Scientist with the British Antarctic Survey say the tiny crustaceans, a primary food source for many species of whales, seals, penguins and fish, are known to be sensitive to sea temperature.
Using statistical models, scientists with the survey working with researchers at the Plymouth Marine Laboratory assessed the likely impact of projected temperature increases in the Weddell Sea, Scotia Sea and Southern Drake Passage, all known for their abundance of krill.
An analysis of the results suggests ongoing ocean warming could reduce the area of suitable krill growth habitat by up to 20 percent, they reported.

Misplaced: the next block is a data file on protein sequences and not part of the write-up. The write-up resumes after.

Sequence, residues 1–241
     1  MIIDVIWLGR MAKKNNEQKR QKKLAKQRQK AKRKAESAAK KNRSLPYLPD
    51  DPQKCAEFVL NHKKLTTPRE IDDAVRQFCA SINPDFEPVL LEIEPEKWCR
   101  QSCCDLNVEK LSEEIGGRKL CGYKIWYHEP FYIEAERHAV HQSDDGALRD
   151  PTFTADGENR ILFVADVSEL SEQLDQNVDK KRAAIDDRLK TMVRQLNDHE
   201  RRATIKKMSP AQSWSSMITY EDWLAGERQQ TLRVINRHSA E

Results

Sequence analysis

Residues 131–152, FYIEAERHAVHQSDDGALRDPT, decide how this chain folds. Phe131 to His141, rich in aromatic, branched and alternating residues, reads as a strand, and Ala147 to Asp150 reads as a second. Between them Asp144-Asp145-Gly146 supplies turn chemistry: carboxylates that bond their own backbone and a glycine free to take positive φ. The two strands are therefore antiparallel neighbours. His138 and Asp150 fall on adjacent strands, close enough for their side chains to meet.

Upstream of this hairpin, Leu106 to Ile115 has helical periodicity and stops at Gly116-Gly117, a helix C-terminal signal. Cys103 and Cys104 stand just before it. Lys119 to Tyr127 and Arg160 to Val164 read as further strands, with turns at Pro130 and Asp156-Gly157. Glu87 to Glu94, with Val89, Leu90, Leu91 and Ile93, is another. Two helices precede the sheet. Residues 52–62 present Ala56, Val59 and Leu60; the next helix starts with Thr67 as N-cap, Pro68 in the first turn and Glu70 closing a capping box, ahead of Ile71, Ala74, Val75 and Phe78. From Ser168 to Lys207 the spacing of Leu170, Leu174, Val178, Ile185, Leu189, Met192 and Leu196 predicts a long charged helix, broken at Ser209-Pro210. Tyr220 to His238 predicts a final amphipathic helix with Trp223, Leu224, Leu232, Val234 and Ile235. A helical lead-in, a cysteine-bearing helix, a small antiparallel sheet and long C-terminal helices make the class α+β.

Many critical environmental features necessary for krill -- temperature, acidity, sea ice and food availability -- could be affected by climate change, they said.
"Each year, growth of Antarctic krill in the Southern Ocean produces new material that weighs twice as much as all the sugar produced in the world," marine biologist Simeon Hill said. "Krill grow fastest in cold water and any warming can slow down or stop growth, reducing the food available for wildlife.
"Our research suggests that expected warming this century could severely reduce the area in which krill can successfully grow."
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